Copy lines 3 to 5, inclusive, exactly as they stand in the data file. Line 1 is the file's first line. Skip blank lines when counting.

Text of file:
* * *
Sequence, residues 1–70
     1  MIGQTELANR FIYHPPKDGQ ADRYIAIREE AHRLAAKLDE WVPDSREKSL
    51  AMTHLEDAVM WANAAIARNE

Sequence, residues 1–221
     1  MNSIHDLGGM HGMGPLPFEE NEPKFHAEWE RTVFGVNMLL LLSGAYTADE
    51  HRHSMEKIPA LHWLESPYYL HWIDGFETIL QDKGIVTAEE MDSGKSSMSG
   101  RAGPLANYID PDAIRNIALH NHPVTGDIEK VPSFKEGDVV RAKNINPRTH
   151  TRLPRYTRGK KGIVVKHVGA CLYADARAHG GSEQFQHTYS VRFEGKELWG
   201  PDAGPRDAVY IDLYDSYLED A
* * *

    51  AMTHLEDAVM WANAAIARNE

Sequence, residues 1–221
     1  MNSIHDLGGM HGMGPLPFEE NEPKFHAEWE RTVFGVNMLL LLSGAYTADE